Bunnies is an extremely psychedelic, “krautish,” supercool band residing in Northampton. Besides creating excellent weirdo music that clangs and clatters in the best way, they also make some killer video, which is embedded here. I talked to them about Bunnies’ 13-year run (still going!), how creative concepts are born and grown, venue accessibility, and of course, DELICIOUS GEAR. Enjoy this–I really feel like this band needs to be heard and seen and felt. Hoping to set up a show with these people soon.
DWP: Let’s do a little gear breakdown. Who is using what? How often do you change things up?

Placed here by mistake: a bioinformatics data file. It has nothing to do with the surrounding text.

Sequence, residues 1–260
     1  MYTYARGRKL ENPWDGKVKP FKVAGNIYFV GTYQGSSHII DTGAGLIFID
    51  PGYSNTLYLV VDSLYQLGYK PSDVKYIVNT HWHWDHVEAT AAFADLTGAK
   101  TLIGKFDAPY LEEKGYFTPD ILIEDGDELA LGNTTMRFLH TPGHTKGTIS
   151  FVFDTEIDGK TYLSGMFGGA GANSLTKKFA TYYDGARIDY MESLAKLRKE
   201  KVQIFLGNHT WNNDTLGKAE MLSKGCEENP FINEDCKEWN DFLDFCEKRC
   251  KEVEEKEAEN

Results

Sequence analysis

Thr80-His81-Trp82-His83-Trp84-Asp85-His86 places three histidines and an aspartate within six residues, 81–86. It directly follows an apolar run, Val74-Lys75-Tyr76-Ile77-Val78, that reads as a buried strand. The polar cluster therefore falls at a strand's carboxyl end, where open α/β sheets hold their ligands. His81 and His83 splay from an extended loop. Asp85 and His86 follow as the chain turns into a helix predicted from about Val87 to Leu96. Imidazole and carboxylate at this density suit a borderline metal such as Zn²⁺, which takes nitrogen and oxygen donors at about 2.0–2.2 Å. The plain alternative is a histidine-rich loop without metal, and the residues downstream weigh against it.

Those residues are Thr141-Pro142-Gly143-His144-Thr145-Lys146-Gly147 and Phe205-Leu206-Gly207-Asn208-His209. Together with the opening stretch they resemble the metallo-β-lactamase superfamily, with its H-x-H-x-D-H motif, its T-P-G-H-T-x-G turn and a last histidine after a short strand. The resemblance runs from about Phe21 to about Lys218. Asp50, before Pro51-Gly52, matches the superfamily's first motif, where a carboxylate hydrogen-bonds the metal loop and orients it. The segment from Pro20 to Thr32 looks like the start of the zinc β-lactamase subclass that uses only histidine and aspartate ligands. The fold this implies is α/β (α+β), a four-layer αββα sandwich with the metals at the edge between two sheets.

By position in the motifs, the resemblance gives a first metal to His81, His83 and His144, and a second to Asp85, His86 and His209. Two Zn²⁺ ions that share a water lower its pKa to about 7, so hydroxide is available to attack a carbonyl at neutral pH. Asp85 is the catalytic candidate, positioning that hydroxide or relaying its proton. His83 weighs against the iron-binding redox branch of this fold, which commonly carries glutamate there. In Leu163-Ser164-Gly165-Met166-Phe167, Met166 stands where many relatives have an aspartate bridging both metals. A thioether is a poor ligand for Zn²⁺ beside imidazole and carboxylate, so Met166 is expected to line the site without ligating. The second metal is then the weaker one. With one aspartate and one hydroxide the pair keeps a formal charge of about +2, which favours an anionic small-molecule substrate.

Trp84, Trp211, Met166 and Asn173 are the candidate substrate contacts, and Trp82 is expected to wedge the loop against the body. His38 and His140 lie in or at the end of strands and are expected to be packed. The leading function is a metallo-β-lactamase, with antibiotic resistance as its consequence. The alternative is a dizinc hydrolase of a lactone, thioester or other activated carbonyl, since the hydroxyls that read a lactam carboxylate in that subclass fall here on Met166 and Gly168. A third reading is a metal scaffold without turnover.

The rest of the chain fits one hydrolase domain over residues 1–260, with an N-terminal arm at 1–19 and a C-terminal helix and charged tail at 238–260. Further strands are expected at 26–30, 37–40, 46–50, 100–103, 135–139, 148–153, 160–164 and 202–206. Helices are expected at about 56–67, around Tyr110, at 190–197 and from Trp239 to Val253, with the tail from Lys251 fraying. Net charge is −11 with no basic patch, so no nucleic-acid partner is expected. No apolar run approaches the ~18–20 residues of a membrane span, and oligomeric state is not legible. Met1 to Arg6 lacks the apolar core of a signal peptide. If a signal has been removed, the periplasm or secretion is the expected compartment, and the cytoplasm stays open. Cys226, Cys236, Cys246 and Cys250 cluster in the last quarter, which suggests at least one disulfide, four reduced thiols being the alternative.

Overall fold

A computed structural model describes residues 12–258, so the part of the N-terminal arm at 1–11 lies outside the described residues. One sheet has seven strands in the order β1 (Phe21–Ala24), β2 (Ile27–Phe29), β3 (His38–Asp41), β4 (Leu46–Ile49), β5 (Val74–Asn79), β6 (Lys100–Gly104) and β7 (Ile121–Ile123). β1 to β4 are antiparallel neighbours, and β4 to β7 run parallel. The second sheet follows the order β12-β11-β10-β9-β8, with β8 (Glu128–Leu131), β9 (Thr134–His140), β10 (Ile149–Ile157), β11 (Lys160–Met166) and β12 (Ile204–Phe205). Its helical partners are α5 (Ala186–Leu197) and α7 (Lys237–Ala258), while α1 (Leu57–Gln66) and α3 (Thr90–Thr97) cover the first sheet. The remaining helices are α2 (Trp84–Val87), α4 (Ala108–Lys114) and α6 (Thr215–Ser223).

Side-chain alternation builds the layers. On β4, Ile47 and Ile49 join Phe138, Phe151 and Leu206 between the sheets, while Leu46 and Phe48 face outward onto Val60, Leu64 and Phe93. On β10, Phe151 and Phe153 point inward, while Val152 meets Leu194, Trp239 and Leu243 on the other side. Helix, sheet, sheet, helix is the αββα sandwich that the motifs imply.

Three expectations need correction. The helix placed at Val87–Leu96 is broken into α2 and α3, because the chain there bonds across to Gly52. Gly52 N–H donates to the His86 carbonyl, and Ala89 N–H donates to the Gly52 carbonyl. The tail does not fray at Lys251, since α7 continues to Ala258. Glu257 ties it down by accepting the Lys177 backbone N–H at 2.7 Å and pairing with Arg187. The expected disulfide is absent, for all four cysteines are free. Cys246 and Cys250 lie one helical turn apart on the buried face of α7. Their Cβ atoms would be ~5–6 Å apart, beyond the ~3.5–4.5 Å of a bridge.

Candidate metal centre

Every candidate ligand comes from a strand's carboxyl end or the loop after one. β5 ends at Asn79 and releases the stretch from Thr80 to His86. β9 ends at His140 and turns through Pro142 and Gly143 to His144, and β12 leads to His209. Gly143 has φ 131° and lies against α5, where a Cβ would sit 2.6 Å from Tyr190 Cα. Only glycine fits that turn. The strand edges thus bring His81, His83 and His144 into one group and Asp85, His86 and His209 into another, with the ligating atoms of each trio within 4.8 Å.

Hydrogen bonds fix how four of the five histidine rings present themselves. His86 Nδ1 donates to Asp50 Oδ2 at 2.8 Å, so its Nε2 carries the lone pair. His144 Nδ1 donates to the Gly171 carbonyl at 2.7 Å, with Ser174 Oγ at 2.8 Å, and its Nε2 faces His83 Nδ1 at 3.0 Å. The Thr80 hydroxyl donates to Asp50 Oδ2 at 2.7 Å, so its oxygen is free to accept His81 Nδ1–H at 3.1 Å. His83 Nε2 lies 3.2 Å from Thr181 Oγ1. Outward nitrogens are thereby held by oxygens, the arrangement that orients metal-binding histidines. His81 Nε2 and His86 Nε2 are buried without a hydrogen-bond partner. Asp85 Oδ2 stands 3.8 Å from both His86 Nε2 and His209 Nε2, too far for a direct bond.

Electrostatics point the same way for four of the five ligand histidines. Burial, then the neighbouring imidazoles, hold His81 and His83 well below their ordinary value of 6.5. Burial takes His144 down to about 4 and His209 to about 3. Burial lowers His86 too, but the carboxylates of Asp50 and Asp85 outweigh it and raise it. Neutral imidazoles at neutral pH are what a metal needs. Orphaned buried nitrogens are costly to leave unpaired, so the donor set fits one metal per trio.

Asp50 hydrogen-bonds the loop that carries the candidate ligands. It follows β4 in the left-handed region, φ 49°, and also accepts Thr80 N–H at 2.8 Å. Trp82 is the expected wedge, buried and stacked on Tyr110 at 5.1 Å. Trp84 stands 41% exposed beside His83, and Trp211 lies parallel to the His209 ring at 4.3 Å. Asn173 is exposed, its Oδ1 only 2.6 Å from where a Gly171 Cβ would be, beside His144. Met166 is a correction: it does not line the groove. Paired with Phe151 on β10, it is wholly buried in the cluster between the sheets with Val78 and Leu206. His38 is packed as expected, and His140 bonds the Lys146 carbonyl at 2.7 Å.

Bunnies: An equipment question! So, for the most part our live set-up stays constant. Although it changes from time to time. Live, we are a five-piece band. Mr. Bard plays a Les Paul through an Orange AD30R, which is a 30-watt single channel amp that basically sounds perfect. He uses an assortment of pedals including a Boss looper. Mr. Dubs plays a fender Stratocaster through a 2×12 combo. He’s been switching in between a 70’s Fender Twin and an Ampeg VT-22. He keeps it simple with effects. Just a Boss DD-7 delay and a MXR Distortion +. Mr. Newman plays an old Slingerland four-piece kit. He prefers large heavy symbols. I think he even uses two crash symbols as a high-hat. Ms. Macomber plays a 1972 Fender Telecaster bass. She always uses an Ampeg 4×10 cabinet. Lately she has an Ampeg SVT from the 80’s. Although from time to time she uses a 120-Watt Sound City Tour Series amp. Mr. Science uses an Arp Odyssey synthesizer through a Sunn Solarus and two old beater cabinets. For recording we essentially use the same equipment. With some added stuff. For vocals we’ve been favoring a Sony 38B. We also use more synths for overdubs: an Arp 2600, a Sequential Circuits Prophet-5 and a Korg Mono/Poly. We also use prerecorded reel to reel tapes and some sort of Bulgarian 12-string electric guitar.